Why Americans Shouldn’t Rage Against the Machine

The 9th Annual Gilder/Forbes Telecosm (sic) Conference took place this week at Lake Tahoe. Officially, the theme was “the Singularity,” an artificial intelligence term denoting the emergence of transformative technological change. But the main meme revolved around a slightly less sexy idea: kiosks.

Kiosks and their close cousins, vending machines, tend to elicit images of laundromats and college dorms. But there’s a whole new wave of this distribution mechanism arriving at electronics shops, hospitals, and office buildings that should inform the nation’s political and economic debate.

Responding to Demand

Conference participant Bob French, president of mix&burn, discussed selling digital music through vending machines.

At first blush, the idea of selling digital music in the physical space might seem odd, but as French explained, locating his vending machine directly in shops like Best Buy, where someone can immediately load songs onto their just-purchased MP3 player, is turning out to be quite lucrative.

One reason for the idea’s success is the immediacy factor. Another is that it’s a way for those without broadband access to easily obtain digital music, eradicating the “digital divide” for music downloads. Mix&burn’s example shows that when there’s a true market demand for a service, as opposed to theoretical demands concocted by professional “digital divide” lobbyists, the market will respond.

Another new vending idea came from Ken Rosenblum, CEO of InstyMeds, a company that uses vending machines to label and dispense prescription medication directly to patients. Rosenblum came up with the idea one night when he was walking around looking for an open drug store. “Because of the shortage of pharmacists, a chain like CVS has less than 10 percent of its stores open 24 hours/day,” he said. That’s a huge problem for anyone who needs to get medication quickly at odd hours.

Benefits to Automation

With InstyMeds’ network of vending machines, a pharmacist sitting in a CVS call center could oversee automated dispensers in hundreds of their stores, thus allowing the stores to be open 24/7. Not only would that be convenient for customers, it would also boost productivity.

This point was made clearly in a keynote address by Steve Forbes.

He discussed the restaurant chain McDonalds, which has started to replace humans with kiosks in the ordering process. While some initially might be opposed to the idea of machines taking the place of humans, Forbes points out that the machines actually increase sales, and hence, employment.

When McDonalds implemented the kiosks, customers started to buy more food per average order, thereby increasing the need for more kitchen staff. “There’s no human censorship at kiosks,” said Forbes, making it more comfortable for people to order those four milkshakes without feeling social pressure. The kiosks are also faster, thereby boosting productivity.

McDonalds customers and employees aren’t the only ones benefiting from the automation and centralization of previously human-only functions — the technology can also help with national security.

Security, Efficiency

Wyse Technology, a company that makes kiosks without hard drives known as “thin clients,” has helped a number of firms and government agencies deal with security and efficiency problems due to scattered and dated PCs. Back in 2002, the FBI lost 317 laptops, creating a serious security problem.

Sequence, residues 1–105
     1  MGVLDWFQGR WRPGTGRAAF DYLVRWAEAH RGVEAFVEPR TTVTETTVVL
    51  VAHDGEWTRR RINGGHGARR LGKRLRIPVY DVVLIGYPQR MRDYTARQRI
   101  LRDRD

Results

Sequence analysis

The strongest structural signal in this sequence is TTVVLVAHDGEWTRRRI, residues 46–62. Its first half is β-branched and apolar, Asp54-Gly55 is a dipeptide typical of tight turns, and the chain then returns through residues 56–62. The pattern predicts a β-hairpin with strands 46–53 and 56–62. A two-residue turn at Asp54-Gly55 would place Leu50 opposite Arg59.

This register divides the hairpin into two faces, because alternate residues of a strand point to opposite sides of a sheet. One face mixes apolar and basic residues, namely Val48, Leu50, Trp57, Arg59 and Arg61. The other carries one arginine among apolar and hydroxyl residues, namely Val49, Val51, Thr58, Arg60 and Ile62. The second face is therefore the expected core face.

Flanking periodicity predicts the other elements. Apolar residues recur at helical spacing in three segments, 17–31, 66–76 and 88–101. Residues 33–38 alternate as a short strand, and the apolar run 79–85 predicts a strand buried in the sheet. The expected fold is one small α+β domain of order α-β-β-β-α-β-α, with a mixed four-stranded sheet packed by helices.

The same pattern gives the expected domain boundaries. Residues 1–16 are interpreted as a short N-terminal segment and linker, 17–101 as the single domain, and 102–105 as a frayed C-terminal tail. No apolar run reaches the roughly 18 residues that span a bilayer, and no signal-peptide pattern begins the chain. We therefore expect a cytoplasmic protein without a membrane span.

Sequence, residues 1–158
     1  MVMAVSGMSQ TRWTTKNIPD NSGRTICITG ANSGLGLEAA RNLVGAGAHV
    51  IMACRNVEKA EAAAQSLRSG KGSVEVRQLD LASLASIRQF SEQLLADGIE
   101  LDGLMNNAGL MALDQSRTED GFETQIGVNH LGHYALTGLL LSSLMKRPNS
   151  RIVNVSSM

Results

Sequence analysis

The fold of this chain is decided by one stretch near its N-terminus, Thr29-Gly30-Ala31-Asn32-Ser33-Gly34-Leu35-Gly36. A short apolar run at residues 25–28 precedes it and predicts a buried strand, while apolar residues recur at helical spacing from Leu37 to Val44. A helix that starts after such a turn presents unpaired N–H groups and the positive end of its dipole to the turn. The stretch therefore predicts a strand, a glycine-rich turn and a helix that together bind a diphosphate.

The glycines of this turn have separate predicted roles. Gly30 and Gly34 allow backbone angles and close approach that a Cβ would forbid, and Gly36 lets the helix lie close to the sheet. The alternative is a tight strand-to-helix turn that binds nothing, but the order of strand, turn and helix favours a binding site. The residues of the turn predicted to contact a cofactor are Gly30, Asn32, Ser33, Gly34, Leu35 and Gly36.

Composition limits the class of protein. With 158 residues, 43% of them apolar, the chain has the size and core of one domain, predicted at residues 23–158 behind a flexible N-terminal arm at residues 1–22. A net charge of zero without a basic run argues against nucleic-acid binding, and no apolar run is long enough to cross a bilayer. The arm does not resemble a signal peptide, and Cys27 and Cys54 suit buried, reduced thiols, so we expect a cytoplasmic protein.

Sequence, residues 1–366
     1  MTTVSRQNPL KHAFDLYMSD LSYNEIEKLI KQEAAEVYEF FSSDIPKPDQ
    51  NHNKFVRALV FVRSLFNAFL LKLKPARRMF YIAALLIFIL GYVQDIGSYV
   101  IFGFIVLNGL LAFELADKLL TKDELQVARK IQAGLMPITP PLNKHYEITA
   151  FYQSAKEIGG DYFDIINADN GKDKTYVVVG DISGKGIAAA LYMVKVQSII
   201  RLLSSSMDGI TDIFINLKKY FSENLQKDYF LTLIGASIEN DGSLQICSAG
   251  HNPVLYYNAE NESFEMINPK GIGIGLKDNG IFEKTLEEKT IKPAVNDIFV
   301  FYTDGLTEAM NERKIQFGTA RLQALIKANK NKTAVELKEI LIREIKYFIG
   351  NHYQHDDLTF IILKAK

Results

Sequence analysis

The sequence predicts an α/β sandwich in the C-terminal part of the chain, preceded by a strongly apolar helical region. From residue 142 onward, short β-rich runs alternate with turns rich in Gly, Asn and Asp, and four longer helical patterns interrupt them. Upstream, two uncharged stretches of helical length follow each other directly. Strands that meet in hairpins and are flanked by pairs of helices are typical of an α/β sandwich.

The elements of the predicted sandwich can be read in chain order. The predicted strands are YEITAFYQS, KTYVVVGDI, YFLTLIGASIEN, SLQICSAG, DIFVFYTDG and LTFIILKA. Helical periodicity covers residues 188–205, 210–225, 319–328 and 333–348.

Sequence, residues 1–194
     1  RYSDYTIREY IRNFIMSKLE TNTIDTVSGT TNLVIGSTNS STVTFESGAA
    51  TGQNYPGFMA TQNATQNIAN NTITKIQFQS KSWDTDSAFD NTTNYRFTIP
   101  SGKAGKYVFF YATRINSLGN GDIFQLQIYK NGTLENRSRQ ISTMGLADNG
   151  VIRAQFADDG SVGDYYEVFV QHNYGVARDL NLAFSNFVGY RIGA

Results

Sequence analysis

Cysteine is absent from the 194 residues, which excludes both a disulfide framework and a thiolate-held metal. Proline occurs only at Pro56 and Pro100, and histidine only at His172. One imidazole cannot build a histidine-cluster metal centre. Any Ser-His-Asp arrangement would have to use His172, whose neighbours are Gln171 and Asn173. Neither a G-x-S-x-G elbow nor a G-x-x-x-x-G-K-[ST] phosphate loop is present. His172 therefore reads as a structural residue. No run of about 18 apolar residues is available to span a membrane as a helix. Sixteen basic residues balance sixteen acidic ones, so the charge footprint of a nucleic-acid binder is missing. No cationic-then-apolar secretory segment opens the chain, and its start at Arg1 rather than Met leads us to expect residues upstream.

Wyse CEO John Kish wouldn’t explicitly say that the FBI purchased his terminals, but he did confirm that a number of federal government agents are using them. If they are, that’s a step in the right direction because unlike PCs, thin clients have no value if they are lost and taken off the central system.

Probably the most successful example of kiosk technology implementation was Automated Teller Machines (ATM) by the financial services industry. But not everyone embraced ATMs immediately. When the machines first arrived on the scene there were those who opposed them for job-protectionist reasons. But as Steve Forbes discussed in his speech, the machines helped to significantly boost jobs in the long term. “Banks are now offering more services,” he said, “Productivity is a job creator.”

The lesson that participants can take away from this year’s Telecosm conference is that when technology is implemented by entrepreneurs to boost productivity, everyone wins. When it comes to technology like kiosks, it’s foolish to rage against the machine.

Sonia Arrison, a TechNewsWorld columnist, is director of Technology Studies at the California-based Pacific Research Institute. She also serves on the Technology Advisory Board for the Acceleration Studies Foundation.

1 Comment

  • As an individual who has worked numerous years in the kiosk industry, going back to 1999 I have seen a 10 fold of interest for kiosks and self service growth. Its a very emerging market sector for IT technology and the consumer world. We offer flexible solutions, we recently as example have seen the rise and popularity of our T5-D DVD Movie Box kiosk and how the consumer is grown in numbers using these devices to purchase the nights entertainment. KT Technology see designed and manufactured a kiosk device which was so simple that even the non techie of us could use its simple step by step instruction, and with sales already increased twice fold in the past quarter we can see that consumers are keen to interact with technology, for a host of reasons.

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